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Just Call Me MAM

I wrote MAM's musings weekly for almost 10 years. I began it with the Silver City Sun-News. When the editor who had taken on the column left the paper, I offered it to the Silver City Daily Press, and the editor, Richard Correa, grabbed it. Since early 2001, it appeared every Friday in the Daily Press, with the exception of two times that I recall. I'll update it as new sightings happen, so check regularly.

So MAM's musings has been re-created as Just Call Me MAM with a similar topic and musings about the outdors.

It comprises my observations and my opinion.

This edition of Just Call Me MAM will feature sunsets from two "News"—New York and New Mexico—taken on the same night, a couple of hours apart, Aug. 15, 2019

Granted, the water of Paradox Lake in upstate New York adds to the drama, but I personally think our sunset last night, Aug. 15, 2019, just outside of Silver City offers good competition.

Ellie George said: "To top off yesterday’s bear adventure, the sunset was spectacular at our home at Paradox Lake. It only lasted about 5 minutes, but what glory while the sun glowed from under the clouds."

img 5042Paradox Lake, New York, photo by Ellie George

img 5316Outside Silver City, Nw Mexico, photo by Mary Alice Murphy

[MAM Note: Through a mutual friend, Caroline Baldwin, I get to vicariously experience the adventures of Ellie George in upstate New York. Although she did see loons on this trip, the highlight was her (safe) encounter with a bear.]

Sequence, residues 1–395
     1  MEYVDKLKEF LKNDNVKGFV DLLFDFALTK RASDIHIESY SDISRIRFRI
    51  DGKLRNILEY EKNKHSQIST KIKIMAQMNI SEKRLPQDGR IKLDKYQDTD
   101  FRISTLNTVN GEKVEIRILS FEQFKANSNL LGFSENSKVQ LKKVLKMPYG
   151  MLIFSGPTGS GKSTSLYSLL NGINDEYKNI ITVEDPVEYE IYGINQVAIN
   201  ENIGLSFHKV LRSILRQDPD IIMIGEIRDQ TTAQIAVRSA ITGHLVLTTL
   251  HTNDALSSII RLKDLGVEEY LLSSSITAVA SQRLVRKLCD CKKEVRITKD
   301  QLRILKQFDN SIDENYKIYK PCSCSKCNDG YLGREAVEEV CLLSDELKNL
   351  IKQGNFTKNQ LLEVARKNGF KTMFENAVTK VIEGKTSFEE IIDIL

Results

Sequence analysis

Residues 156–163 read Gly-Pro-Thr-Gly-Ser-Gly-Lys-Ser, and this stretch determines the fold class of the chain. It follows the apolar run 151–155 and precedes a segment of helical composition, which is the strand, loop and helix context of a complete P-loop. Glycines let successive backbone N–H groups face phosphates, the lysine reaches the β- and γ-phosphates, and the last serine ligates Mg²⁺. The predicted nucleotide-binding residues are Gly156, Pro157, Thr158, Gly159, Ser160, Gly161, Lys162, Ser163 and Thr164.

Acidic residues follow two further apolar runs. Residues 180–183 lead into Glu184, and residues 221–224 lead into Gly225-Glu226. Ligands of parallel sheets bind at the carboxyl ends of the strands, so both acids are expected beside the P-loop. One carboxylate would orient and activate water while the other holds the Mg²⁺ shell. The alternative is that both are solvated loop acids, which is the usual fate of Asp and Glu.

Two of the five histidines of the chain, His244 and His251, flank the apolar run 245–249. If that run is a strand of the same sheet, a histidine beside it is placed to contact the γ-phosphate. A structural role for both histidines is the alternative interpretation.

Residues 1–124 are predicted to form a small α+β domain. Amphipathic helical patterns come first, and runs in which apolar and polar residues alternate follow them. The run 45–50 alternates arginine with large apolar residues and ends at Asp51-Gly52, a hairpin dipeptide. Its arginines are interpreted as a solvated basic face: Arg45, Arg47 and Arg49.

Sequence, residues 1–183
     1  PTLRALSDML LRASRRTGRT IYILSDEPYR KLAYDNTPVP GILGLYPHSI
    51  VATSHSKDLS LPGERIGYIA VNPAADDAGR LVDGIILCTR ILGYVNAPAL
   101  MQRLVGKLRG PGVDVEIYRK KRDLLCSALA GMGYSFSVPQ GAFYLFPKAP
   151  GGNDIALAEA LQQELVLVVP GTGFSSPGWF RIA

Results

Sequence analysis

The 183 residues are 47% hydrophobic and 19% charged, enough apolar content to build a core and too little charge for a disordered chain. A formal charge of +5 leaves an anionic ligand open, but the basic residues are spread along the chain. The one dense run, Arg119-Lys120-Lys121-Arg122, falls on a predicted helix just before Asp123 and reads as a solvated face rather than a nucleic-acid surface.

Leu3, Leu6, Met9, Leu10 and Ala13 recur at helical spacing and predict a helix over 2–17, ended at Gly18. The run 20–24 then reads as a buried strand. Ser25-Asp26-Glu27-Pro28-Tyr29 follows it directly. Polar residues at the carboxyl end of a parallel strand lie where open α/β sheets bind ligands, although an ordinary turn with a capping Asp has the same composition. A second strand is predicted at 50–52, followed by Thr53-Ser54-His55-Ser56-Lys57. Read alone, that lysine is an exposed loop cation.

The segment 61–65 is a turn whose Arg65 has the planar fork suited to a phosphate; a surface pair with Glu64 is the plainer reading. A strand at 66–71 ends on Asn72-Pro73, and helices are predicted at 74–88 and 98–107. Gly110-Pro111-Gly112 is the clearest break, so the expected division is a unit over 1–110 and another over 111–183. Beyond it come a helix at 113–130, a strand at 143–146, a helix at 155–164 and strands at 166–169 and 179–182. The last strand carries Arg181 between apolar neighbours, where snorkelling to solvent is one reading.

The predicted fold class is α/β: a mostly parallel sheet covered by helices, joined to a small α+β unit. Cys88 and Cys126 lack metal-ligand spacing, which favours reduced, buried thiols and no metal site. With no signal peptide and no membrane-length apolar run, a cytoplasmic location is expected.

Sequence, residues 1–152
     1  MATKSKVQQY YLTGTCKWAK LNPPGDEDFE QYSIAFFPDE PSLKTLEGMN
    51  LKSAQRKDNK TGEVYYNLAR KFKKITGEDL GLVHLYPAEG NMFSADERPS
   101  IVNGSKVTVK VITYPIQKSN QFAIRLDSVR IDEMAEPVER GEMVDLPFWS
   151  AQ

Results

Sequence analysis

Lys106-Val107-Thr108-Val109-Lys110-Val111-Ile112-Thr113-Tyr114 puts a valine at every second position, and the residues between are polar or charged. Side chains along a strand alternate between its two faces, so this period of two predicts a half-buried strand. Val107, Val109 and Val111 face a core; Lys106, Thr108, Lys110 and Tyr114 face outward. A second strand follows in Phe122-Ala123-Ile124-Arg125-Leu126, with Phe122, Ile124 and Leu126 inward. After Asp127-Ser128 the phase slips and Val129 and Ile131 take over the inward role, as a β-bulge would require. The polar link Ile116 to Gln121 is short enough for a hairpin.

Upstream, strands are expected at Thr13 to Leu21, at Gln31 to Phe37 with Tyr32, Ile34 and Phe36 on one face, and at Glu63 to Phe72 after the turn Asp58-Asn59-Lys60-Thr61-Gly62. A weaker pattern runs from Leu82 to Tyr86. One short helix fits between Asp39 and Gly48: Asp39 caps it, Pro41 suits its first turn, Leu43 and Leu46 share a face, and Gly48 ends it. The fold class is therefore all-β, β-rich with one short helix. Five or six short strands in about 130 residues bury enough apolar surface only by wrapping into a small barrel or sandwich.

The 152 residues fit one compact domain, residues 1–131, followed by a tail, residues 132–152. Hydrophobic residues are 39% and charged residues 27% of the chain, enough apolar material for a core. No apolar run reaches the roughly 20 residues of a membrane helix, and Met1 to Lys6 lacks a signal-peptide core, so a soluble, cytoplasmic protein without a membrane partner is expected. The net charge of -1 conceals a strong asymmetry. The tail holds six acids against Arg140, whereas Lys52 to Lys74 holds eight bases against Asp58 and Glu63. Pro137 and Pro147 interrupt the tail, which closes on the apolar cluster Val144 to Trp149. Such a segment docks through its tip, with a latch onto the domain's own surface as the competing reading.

img 9811 young bear eating berries bear pd. 8 14 19I went to Bear Pond today to monitor the loons. I don’t really like to go to Bear Pond because it is too far from my house (an hour and a half drive), the loons are skittish, and the banded loon has very difficult bands to read with letters and numbers. Also, all the land surrounding the pond is owned by a Boy Scout camp, and a couple of years ago a camp counselor gave me a hard time and asked me to leave the pond, stating that the scouts owned the whole pond and I was not allowed on it. He was not correct, and after contacting the DEC about this they spoke with the scouts and told them that if the public gains access to the pond right by the road bridge, they have the right to paddle the pond, but not to get out on shore except at the bridge. That is what I have always done.

Photos and Comments Courtesy of Ellie George via Caroline Baldwin

img_4166_paradox_loon_dad_with_chick_7-14-19.jpg

The chicks are thriving, and are not even a month old yet but look bigger than their age. The parents continue to stuff them with small fish, and I rarely hear the chicks beg. Instead of racing to the parent who has just caught a fish, the chicks wait for the parent to bring the fish to them, and even then sometimes need some encouragement to take it. “Gee, Mom, do I really have to eat another minnow?” The chicks are lucky to have such great parents and to live in a lake with a large food supply. Now if they can just avoid all the motor boats. . .

[MAM note: For those of you who may be as awestruck by birds and especially loons, as I am, I continue this series of loon photos that Ellie George of New York state in the Adirondacks region takes near where she lives. Her photography is amazing.]

img 9430 2 chicks under dads wing paradox 6 21 19Sometimes it’s good to be wrong. On Wednesday I paddled out to Grass Island to check the loon nest and found only egg shell pieces in it. That meant that either the chicks had hatched or a predator had gotten the eggs. I found both adult loons swimming and diving far from shore, and no chicks were present. I watched them fish for awhile and decided that they had no chicks, and that the nest must have been predated. Sometimes loons will stash their chicks along the shoreline while they fish, but not usually with very young chicks, and I had not seen the Paradox loon pair stash their chicks last year until the chicks were much larger. I was sad that there would be no loon chicks on the lake this year.

Live from Silver City

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